Feature: Data will be critical to the real estate industry
By Edwin Groenendaal, CEO of HARNESS Data Intelligence
Following Earth Day earlier this month, it is important to note one of the biggest unknowns when it comes to data and real estate is how ESG is measured.
The built environment accounts for 40% of the UK’s carbon footprint with the majority of emissions produced by burning fossil fuels for heating and hot water. Rapidly rising carbon emissions over the past 30 years mean the world faces increasingly harsh and unpredictable conditions. To address this, the UK government has announced a plan for net-zero emissions by 2050 with some city-regions in the country being more ambitious, promising net zero in less than 20 years.
The response for the property world is to reduce energy use in buildings while also making these buildings resilient to extreme weather. Real estate investors are also now incorporating ESG into their investment risk analysis, where reporting will need to keep pace with evolving products and structures as the industry shifts further towards sustainable lending.
However, how the industry evaluates the performance of sustainability is yet to be determined. Governments, regulators, and industry bodies are scrambling to catch up and impose standards for the sector to measure up to. For example, the data which lenders need to monitor the performance of green and sustainability-linked loans wildly varies according to asset class and jurisdiction – benchmarks are yet to be finalised meaning there is no standard formula.
New technology can help us collect, process, and evaluate data. Solutions such as HARNESS Data Fabric, can help understand ESG performance in a standardised manner. However, data around the assessment of ESG remains a complex and subjective area.
The carbon associated with a building is measured by the amount of energy required to operate the building and keep it comfortable (operational carbon), but also includes the energy used to produce the building materials (embodied carbon). The most sustainable buildings are those which require little energy to operate and have been built using materials which require little carbon to produce. There are a number of different design methods and target standards for sustainable, low energy buildings in the UK including: Zero Carbon, Zero Energy, Near Zero Energy Building (NZEB), AECB standard, Passivhaus (or Passive House), BREEAM, etc.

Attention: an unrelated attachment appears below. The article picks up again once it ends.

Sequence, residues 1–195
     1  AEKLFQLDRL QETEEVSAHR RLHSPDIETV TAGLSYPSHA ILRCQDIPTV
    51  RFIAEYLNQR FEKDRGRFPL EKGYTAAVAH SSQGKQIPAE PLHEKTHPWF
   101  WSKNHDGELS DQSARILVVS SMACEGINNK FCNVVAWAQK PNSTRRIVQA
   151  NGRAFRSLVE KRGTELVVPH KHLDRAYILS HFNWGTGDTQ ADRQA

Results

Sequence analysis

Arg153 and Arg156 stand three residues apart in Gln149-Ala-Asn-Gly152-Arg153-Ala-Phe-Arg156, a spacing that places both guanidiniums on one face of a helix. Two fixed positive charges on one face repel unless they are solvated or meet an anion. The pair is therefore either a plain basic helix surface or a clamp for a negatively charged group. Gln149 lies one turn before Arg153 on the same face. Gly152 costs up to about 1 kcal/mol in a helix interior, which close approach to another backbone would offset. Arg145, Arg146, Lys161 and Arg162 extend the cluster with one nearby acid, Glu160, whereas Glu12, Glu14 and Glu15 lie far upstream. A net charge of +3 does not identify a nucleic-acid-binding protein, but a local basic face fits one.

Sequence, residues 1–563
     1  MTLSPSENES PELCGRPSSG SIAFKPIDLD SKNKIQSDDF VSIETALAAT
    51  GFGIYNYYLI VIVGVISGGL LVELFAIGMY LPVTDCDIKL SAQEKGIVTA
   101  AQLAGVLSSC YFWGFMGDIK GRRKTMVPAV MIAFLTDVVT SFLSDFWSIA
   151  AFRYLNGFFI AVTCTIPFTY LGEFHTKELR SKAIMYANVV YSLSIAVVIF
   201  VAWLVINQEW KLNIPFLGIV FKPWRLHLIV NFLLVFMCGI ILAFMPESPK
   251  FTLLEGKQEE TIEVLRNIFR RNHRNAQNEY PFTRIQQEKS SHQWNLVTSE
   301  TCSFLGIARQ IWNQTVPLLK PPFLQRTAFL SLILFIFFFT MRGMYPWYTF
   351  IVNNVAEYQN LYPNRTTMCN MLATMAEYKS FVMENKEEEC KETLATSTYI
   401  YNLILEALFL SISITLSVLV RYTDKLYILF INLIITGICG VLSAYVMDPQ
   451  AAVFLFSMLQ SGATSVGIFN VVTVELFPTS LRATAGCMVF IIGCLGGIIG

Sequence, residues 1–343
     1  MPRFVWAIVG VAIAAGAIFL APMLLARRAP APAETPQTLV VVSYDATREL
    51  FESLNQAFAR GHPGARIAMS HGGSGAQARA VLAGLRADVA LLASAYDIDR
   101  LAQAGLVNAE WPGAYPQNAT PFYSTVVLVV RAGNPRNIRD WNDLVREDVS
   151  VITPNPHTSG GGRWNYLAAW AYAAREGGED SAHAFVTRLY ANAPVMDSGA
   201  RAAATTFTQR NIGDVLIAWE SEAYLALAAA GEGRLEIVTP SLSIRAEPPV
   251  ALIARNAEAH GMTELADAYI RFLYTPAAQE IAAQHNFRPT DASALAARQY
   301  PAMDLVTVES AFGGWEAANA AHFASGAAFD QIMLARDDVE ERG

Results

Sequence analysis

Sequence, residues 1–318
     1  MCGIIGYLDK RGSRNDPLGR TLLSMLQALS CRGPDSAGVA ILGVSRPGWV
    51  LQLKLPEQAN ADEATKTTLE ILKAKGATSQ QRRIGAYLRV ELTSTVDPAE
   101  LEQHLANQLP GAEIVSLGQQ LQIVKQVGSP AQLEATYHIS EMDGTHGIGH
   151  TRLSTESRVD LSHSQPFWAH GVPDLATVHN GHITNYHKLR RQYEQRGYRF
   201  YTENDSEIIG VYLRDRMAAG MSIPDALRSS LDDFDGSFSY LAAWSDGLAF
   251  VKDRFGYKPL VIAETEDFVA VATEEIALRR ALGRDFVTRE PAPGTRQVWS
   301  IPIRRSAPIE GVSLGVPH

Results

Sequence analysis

Energy-efficient ratings are easier to quantify than well-being or a buildings’ social impact, and the cost of capital to achieve high scores in these areas can vary hugely. This is why when people talk about ESG, they are mostly talking about the “E”, which makes sense as things like energy consumption, carbon emissions, or waste reduction can easily be calculated and reported. However, being good for the environment is not the only factor when it comes to sustainability. The “S” in ESG doesn’t garner as much attention (or money) as environmental sustainability, but it is an important consideration when it comes to a company’s footprint in society.The social impact of investments is especially crucial for real estate portfolios whose assets literally make up the building block of our cities. The property industry has always been seen as profit-oriented and slow to change but when it comes to embracing a sustainable mindset owners and operators have shown their commitment to social causes.
For the time being, real estate players are taking different approaches to measure ESG performance. But there will be more standardisation needed as key metrics are adopted across the industry. Amid the uncertainty, one thing we can be sure of is, as expectations around ESG performance increase, the emphasis on collecting, analysing, and sharing data will grow as we fully embrace ESG principles to reach the net-zero targets.